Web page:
HALOUMA Pittock blamed menopause for feeling off until she was told she was riddled with a rare transitional cell cancer and 10 tumours in almost every part of her body.
Cancer affects us all in so many ways – for the mother of two, her diagnosis has not only impacted her health but also her finances.
The Bunnings Halls Head employee said she would rely on her husband as her full time carer, which would mean he could only work 26 hours a week.
“He didn’t work for months because I was too ill,” she said.
“I was asleep all the time and couldn’t do anything.”
Mrs Pittock first visited the GP after feeling tired and experiencing pains but all her blood tests and one biopsy came back negative.
She said she experienced stomach swelling one day, before work in December 2017, and decided to visit the Emergency Department at Peel Health Campus.
“They did tests and I found out I had the rare cancer and it’s meta-static,” she said.
“They couldn’t find out what it was to start with because this type of cancer usually starts in the urinary tract but my primary is in the kidney.”
Mrs Pittock said chemotherapy ceased to work and instead of stopping the tumours in their growth, they only increased in size.
Her tumours were also inoperable because there are so many of them.
“I have tumours in my bowel, kidney, intestine, spine, brain lymph nodes in my chest and buttocks – everywhere really,” she said.
“What I’ve got isn’t curable – it’s life or death really.”
Mrs Pittock said due to her husband being absent from work for so long, they don’t have enough to fund a potentially life-prolonging immunotherapy treatment.
She has completed four sessions but relied on the generosity of her work colleagues from Bunnings, family and friends to pay for sessions. She needs to complete a total of six.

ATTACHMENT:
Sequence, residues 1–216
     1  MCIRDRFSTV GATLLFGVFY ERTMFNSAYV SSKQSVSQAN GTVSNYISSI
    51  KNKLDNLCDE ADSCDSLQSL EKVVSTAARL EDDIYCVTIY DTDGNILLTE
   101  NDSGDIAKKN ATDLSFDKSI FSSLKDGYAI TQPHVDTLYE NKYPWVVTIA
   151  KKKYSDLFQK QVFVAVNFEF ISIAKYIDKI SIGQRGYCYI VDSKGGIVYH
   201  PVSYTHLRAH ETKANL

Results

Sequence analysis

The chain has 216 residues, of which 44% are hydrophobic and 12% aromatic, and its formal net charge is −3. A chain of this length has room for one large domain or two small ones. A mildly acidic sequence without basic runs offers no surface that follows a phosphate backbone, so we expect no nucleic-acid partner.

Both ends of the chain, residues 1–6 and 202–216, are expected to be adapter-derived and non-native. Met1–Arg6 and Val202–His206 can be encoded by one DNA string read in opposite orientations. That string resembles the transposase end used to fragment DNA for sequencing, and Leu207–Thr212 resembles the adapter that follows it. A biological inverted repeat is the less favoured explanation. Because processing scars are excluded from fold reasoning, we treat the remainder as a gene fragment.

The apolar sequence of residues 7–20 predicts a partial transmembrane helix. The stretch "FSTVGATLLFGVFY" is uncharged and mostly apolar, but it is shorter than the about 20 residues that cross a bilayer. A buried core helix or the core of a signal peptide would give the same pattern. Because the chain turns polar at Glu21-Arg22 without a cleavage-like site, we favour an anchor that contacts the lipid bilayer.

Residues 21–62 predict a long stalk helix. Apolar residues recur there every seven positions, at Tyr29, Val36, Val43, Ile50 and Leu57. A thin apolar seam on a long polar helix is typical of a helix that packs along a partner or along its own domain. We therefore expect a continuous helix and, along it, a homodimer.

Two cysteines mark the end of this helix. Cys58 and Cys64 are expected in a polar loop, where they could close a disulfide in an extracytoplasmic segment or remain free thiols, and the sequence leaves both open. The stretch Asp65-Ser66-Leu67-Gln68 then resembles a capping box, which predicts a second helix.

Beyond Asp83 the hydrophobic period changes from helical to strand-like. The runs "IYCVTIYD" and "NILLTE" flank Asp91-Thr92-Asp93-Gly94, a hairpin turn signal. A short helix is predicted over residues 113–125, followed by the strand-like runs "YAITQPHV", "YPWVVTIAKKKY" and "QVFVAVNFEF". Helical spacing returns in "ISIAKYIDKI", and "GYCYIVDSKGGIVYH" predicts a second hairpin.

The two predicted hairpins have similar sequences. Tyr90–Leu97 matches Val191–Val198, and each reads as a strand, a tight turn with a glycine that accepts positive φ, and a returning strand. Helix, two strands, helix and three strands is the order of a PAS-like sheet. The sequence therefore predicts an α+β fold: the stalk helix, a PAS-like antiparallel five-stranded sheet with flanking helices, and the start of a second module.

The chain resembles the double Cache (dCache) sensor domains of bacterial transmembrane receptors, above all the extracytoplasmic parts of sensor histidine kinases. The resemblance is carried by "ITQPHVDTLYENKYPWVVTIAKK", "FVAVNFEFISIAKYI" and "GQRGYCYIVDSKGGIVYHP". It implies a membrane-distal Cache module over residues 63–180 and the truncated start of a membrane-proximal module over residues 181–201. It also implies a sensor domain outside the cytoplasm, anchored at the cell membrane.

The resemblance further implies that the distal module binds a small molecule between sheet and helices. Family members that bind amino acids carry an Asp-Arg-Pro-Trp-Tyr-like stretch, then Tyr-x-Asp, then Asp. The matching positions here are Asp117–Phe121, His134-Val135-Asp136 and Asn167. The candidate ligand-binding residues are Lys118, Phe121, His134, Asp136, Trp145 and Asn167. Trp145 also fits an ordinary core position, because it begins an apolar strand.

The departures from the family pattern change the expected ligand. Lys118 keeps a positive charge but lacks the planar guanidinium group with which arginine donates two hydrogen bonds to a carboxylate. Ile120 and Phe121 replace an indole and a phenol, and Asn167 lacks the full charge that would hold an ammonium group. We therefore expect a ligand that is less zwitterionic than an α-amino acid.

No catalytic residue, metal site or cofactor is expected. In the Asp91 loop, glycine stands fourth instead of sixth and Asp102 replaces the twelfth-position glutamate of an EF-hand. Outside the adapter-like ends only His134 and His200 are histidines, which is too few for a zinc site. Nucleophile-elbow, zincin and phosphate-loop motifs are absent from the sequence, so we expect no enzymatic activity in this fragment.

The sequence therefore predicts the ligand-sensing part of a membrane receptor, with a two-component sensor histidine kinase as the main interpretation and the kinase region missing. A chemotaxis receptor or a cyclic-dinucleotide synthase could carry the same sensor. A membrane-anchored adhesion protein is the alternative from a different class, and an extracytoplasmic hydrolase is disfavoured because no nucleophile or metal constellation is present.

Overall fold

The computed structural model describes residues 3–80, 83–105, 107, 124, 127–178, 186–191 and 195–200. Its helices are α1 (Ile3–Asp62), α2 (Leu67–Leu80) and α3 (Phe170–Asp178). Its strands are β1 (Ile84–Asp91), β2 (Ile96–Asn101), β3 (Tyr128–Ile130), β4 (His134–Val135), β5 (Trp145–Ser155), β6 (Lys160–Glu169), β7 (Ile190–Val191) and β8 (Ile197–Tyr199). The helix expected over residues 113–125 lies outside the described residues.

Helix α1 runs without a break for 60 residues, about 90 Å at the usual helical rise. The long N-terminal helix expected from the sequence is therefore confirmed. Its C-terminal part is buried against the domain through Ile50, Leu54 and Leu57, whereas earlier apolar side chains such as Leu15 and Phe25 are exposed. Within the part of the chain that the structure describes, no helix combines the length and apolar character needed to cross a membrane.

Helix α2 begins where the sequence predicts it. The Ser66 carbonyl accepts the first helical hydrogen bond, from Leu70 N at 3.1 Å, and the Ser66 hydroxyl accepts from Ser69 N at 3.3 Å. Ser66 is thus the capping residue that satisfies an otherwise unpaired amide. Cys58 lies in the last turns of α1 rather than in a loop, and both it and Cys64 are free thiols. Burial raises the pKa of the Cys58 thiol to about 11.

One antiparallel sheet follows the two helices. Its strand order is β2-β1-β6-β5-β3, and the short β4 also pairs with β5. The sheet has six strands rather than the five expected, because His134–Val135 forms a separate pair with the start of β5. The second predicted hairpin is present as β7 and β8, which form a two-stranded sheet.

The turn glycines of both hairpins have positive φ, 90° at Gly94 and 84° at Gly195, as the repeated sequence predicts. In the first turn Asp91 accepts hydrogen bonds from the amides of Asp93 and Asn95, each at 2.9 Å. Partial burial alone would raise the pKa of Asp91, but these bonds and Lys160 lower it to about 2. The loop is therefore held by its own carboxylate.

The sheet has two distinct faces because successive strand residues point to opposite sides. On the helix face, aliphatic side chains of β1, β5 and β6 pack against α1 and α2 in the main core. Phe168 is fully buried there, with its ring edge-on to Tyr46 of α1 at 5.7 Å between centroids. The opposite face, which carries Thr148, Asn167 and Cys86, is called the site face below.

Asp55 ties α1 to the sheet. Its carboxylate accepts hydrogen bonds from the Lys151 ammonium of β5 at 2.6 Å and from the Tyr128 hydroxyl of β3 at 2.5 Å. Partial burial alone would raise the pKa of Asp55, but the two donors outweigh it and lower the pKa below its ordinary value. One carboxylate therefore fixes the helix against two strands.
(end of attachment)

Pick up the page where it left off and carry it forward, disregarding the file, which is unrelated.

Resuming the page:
Each session is almost $4500 each and costs are not covered under the Pharmaceutical Benefits Scheme.
After the sixth, she will go for a test to see if the treatment has improved her overall health.
She described being force fed by her husband and unable to move before the treatment to now walking and playing with her Jack Russell named Archie.
Mrs Pittock seemed positive it had made a difference, and if it had, immunotherapy could extend her life by two years.
“We just have no money left now – we’ve run out of everything really,” she said.
“We need to fund session five and six and if a scan I do in three weeks shows it’s working, I will have to pay for more sessions and it will be ongoing I presume,” she said.
Mrs Pittock’s friend Laura McNeill set up a GoFundMe page to raise $30,000 for the fifth and sixth session of immunotherapy treatment and medical costs.
More than $13,300 has been raised so far by generous strangers, local friends and family of Mrs Pittock.
To donate to her gofundme page head to gofundme.